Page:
The head of the United Nations nuclear watchdog has condemned what he described as an attack on Russia’s Zaporizhzhia nuclear plant in Ukraine, calling for “an end to this madness”.
A powerful explosion from the projectile rocked the Zaporizhia region of Ukraine, home to Europe’s largest nuclear power plant, over the weekend.
A large number of attacks by Russian troops – about 400 on Sunday alone – also affected the eastern regions of Ukraine, and fierce fighting was in the eastern region of Donetsk, Ukrainian President Volodymyr Zelenskyy said on Sunday.
“The news from our team yesterday and this morning is very disturbing,” Rafael Grossi, head of the International Atomic Energy Agency (IAEA), said on Sunday.
“The explosion happened at the site of this large nuclear plant, which is illegal.
“Whoever is behind this, must stop immediately,” he said.
Like I said before, you are playing with fire!
In further shelling near the site, IAEA experts in Zaporizhzhia said they heard more than a dozen explosions within a short period of time on Sunday morning and could see the explosions from their windows, the agency said.
Later, the IAEA said the shells had stopped and its experts would assess the situation on Monday.
“There has been damage to some parts of the site, but no radiation or loss of power,” it said.
Speaking to a French journalist, Grossi said it was clear that the attack on the factory was not an accident.
“People who are doing this know where they are hitting. It is deliberate, direct. “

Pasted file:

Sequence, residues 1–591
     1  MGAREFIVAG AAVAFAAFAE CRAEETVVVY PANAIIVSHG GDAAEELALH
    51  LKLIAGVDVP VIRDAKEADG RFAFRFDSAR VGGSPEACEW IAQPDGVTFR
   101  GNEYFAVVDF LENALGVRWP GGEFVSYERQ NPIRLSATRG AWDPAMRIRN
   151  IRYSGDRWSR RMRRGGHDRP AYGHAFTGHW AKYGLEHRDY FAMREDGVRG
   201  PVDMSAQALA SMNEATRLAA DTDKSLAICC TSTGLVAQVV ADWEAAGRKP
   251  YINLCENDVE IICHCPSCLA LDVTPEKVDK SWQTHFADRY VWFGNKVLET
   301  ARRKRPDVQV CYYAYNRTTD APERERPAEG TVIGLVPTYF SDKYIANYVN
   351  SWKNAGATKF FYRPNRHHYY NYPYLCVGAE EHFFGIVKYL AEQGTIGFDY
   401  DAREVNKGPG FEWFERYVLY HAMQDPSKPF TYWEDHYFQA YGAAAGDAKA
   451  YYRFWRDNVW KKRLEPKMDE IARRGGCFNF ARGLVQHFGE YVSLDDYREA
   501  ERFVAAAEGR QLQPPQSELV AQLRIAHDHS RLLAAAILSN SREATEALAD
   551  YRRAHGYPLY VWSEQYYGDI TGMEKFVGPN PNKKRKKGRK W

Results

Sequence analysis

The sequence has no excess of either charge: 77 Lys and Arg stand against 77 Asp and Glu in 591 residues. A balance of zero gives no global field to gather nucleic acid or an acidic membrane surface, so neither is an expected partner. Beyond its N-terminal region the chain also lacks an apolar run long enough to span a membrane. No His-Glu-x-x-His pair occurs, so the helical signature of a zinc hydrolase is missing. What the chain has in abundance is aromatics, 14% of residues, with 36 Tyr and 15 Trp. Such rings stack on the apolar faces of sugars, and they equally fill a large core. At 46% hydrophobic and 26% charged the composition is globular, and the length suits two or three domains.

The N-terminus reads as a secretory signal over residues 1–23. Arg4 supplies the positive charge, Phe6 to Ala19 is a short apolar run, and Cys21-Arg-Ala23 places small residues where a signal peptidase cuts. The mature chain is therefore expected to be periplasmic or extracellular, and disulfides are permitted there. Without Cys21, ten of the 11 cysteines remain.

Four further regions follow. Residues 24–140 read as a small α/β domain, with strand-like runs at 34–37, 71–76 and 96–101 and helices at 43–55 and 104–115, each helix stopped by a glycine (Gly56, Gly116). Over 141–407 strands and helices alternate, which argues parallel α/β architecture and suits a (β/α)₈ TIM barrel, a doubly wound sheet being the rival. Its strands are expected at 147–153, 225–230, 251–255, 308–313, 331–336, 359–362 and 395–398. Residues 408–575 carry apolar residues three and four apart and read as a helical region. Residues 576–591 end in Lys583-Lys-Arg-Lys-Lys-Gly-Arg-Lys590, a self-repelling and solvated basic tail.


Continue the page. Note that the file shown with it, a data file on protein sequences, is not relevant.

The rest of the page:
The attack on Zaporizhzhia and its surroundings has led to a nuclear disaster at the site, which Russia seized shortly after annexing Ukraine on 24 February.
Russia has been striking Ukraine’s electricity and other vital civilian infrastructure from the air, causing blackouts and leaving millions of Ukrainians without heat, power or water as temperatures drop and snow begins to fall in the capital, Kyiv, and other cities.
Ukraine’s nuclear energy operator, Energoatom, blamed the Russian military for the latest missile attack in Zaporizhzhia and said the missile attack was part of the Kremlin’s aim to “destroy or destroy as much of Ukraine’s energy as possible” this winter.
Meanwhile, Moscow has blamed the Ukrainian military for the damage.
Russian Defense Ministry spokesman Igor Konashenkov accused the Ukrainians of shelling a power plant twice on Sunday and said two of the bullets hit near power lines that supply electricity.
Ukraine said work was continuing to repair damage to the country’s electrical infrastructure but “power blackouts” were expected in 15 regions, including the capital, on Sunday night. The country’s electricity authority said there will be blackouts in every district on Monday.
“The restoration of the network and the ability to provide it, the decommissioning of the transmission lines, the renovation – everything goes on during the day,” Zelenskyy said in his night address.
Zelenskyy said Ukrainian forces are making small gains in eastern Luhansk and are still fighting in the south.
Russia withdrew its troops from the southern city of Kherson this month and moved some of them to strengthen positions in the east.
“The most dangerous battles, as before, are in the Donetsk region. Although there have been fewer today due to the worsening of the weather, Russian ammunition is unfortunately still very high,” said Zelenskyy.
In his speech, the president also mentioned Kyiv’s peace policies, including the security of food and energy, the release of all prisoners and deportees, and the withdrawal of Russian troops from all parts of Ukraine.